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Old 10-12-2018, 01:11 PM   #20
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Quote:
Originally Posted by Ozymango View Post
Sigh. Look, if your battery lasts forever, great for you. I genuinely believe your batteries last a long time, and I've had a bunch of batteries that last a long time. I work on cars, I work on computers, I build all sorts of weird things powered by lead/acid, NiCad, NiMH, Li-Ion, etc batteries, whatever -- and there are *so* many things that lead to complications in how batteries behave under various conditions, depending on heat, cold, overcharging, undercharging, current flow (high drain vs low drain) ...

And you know something? In the real world it doesn't matter diddly-squat whether your theory or my theory is better at explaining why the heck your electronic device won't power up this morning ("but it was working just fine yesterday!" I get that a lot) -- you plug it in, it works or it doesn't, and if it doesn't work it really doesn't matter the reasons why it doesn't work, the point is: Get it working!

Things might be different for you because maybe you don't get paid for getting things working again but that's literally my job: I install, configure, and support computers and electronic equipment in a university environment and while it can be fun to swap stories as to why things work, or don't work, and/or why my battery lasts longer than yours or vice-versa, in the end I don't get paid if I can't keep things working. So that's my personal focus.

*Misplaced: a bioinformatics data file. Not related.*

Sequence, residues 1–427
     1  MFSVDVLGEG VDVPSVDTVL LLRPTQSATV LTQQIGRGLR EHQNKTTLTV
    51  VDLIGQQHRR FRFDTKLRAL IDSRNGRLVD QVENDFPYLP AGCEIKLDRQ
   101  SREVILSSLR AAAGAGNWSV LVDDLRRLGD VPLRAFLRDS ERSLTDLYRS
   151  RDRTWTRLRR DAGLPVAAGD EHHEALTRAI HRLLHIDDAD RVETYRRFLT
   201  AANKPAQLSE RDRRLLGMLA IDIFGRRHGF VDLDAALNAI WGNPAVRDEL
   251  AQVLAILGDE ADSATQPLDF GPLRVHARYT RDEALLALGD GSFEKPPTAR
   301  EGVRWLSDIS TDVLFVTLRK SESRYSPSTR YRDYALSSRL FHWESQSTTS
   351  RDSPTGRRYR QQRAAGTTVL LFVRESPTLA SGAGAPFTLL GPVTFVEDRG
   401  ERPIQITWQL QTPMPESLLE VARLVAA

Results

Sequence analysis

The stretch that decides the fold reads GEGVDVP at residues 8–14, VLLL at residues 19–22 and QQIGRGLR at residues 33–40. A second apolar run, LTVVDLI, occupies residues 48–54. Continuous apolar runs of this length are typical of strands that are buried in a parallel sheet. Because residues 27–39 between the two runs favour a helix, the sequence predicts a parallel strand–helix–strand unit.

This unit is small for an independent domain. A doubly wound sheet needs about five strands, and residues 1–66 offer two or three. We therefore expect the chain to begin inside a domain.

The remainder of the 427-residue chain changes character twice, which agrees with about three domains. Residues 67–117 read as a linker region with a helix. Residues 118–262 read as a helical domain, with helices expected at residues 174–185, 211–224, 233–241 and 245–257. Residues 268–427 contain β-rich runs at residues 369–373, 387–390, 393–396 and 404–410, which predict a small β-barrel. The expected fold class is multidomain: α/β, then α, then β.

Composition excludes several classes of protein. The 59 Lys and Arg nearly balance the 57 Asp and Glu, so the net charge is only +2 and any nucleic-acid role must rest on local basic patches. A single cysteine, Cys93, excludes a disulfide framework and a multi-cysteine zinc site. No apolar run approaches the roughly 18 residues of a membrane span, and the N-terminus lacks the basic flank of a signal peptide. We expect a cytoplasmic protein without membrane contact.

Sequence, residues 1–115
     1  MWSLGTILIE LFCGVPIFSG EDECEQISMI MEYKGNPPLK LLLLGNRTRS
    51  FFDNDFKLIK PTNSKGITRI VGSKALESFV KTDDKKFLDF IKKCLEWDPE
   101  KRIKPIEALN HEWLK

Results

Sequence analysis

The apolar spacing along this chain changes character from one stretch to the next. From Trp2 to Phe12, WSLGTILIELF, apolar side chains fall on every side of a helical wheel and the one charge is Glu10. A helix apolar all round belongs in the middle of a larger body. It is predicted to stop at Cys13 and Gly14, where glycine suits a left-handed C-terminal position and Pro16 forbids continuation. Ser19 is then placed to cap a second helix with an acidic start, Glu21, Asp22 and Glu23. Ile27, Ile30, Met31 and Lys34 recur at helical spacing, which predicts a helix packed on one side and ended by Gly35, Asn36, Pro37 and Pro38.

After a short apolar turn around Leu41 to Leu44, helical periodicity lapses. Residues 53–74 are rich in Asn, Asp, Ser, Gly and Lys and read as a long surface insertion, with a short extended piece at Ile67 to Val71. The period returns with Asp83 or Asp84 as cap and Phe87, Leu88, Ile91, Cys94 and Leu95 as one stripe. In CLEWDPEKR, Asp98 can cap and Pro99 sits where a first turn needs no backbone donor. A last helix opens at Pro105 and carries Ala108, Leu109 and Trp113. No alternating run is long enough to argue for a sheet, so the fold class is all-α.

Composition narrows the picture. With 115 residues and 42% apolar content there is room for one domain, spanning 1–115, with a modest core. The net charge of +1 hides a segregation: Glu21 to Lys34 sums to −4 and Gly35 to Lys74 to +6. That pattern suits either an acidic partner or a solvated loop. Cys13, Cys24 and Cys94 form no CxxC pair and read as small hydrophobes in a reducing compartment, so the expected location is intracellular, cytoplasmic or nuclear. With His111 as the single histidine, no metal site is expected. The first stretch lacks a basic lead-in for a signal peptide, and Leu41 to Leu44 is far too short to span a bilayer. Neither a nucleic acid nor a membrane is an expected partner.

This strikes me as a rather long and circumspect way of conceding that your "Li-ion batteries are only good for 3-years" claim is not correct.
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Old 10-12-2018, 02:26 PM   #21
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Quote:
Originally Posted by Ozymango View Post
Yup. I've got a Nook HD with a 4-year old battery that'll run all day solid. And I've got a Dell laptop on the counter at work that has a battery that won't hold a charge 18 months after purchase and we're going back and forth between the customer and Dell as to if this is under warranty or not, Dell says it's only guaranteed for a year, we've got several other of this exact same model with no battery issues and the customer swears she used it normally and I believe her.

I've got a 1968 Ford Thunderbird, it runs just fine. I've got a 2010 Dodge van with an automatic transmission that's had the transmission swapped twice in the past two years and the dang thing still slips on hills.